This course examines public (state) policy in Australia. Students will explore the history of British imperial/colonial and State policies and practices (or lack thereof) with respect to First Peoples here. Centring First Peoples’ knowledges, perspectives and experiences, students will critically engage with evidence and/or principles on which state policies have been based, and analyse state systems and structures, including public institutions and the nature of bureaucracy.

Students will critically reflect on the different and complex impacts of public policies on First Peoples through selected case studies. Students will learn about First Peoples’ experiences of consulting or lobbying with policy-makers, the experience of First Peoples working with and within state agencies, and the experiences of others who are excluded or otherwise alienated from policy-making processes. We will consider First Peoples’ diverse perspectives on the information and principles on which to base state policy-making and on the methodology of data-gathering, consultation, policy production and policy education.

We will compare social indicators (that is, the broad impacts) of First Peoples in Australia and New Zealand, and explore potential explanations that may lie in state policy principles and practices, including critiquing the selection and framing of social indicators. 

Students will be introduced to Indigenous perspectives on research and knowledge production, including decolonising research methodologies, Indigenous standpoint theory, critiques of ‘deficit discourse’ and reflexive/reflective practices.

Themes with which this course engages include: the ongoing impact of past policies, attitudes and ways of knowing; manifestations of colonialism is contemporary policy making and implementation; self-determination, sovereignty and related issues significant to First Peoples across Australia; critically engage with the production and representation of knowledge. 

> The prerequisite for this course are the standard prerequisite for 3000-level courses. We assume that students are familiar with tertiary processes, standards and course protocols, and can undertake student with a high degree of autonomy. Mature students, including those who have experience in public policy, may apply for an exemption to enrol in this course.

> No prior knowledge of Australian Indigenous Studies nor the study of Public Policy is assumed. (The prerequisite of having taken an 'INDG' course has been waived for this Special Topic).

> Flexible delivery: It is possible for students to take this course in person & online, online only, or wholly asynchronously (i.e. independently).

> This course has been approved as a course substitute for INDG3001 in: Sustainability Studies Major, and Sustainable Development minor (approved by Lorrae van Kerkoff), Development Studies (approved by Sverre Molland) in BARTS, and Australian Indigenous Studies Major; Australian Indigenous Studies Minor (approved by Mary Spiers Williams) for BARTS & other degree programmes; and in BPPOL (approved by Azad Sing Bali). Please apply to your programme/major/minor convener to substitute this course for INDG3001.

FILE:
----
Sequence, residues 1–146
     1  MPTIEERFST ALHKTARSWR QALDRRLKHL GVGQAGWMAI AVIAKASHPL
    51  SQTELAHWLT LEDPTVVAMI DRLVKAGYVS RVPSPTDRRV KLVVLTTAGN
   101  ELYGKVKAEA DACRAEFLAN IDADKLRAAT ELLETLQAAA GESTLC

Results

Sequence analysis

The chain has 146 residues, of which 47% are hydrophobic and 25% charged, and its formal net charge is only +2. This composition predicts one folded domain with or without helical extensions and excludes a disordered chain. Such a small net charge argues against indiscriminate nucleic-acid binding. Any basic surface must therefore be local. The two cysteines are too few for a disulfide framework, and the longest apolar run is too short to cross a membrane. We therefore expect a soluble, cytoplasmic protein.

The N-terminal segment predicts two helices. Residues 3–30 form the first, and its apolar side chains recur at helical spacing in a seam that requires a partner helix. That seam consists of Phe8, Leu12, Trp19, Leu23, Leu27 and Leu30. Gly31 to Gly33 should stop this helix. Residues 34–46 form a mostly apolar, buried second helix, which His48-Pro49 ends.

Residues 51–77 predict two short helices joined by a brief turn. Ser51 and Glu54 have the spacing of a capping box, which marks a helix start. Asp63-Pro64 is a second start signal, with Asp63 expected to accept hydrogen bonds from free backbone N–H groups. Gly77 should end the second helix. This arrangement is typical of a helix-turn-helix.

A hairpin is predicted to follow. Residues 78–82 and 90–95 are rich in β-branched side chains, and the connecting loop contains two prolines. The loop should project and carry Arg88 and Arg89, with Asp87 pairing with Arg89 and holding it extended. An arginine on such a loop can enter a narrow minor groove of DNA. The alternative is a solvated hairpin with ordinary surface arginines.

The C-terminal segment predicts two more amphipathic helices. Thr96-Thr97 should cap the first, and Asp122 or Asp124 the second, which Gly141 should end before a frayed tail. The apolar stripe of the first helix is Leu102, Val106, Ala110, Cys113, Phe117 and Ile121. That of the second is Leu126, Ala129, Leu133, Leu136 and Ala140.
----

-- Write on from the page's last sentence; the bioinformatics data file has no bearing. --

Please note: The class summary of activities is indicative and may change subject to guest lecturer availability.

Class Schedule

Week/Session Summary of Activities Assessment
1 Lecture: First People’s perspectives on state policy, institutions and structures: key concepts and themes of the course Daily written reflections, annotated bibliography entries
2 History of colonial and state policies regarding First Peoples in Australia: the past, its continuities and disruptions Daily written reflections, annotated bibliography entries of required reading
3 First Peoples' perspectives and other critical perspectives on research, policy-making, state institutions and structures Daily written reflections, annotated bibliography entries of required reading
4 Case studies in policy production and its implementation Daily written reflections, annotated bibliography entries of required reading
5 International comparison Daily written reflections, annotated bibliography entries of required reading
6 'What do we want to be to each other?' Fortnightly written reflections, annotated bibliography entries of independently researched reading, take-home examination, research essay proposal, research essay.

Tutorial Registration

Registration for workshops is via the Course wattle site. Registration opens one week before the commencement of classes.

Assessment Summary

Assessment task Value Due Date Learning Outcomes
Annotated Bibliography 20 % * 1, 3
Portfolio of daily reflections 10 % * 2
Take-home examination 5 % 20/09/2021 1, 3
Research essay proposal 25 % 27/09/2021 2, 3
Research essay 40 % 04/10/2021 1, 2, 3

* If the Due Date and Return of Assessment date are blank, see the Assessment Tab for specific Assessment Task details


ANU has educational policies, procedures and guidelines, which are designed to ensure that staff and students are aware of the University’s academic standards, and implement them. Students are expected to have read the Academic Misconduct Rule before the commencement of their course. Other key policies and guidelines include:

Assessment Requirements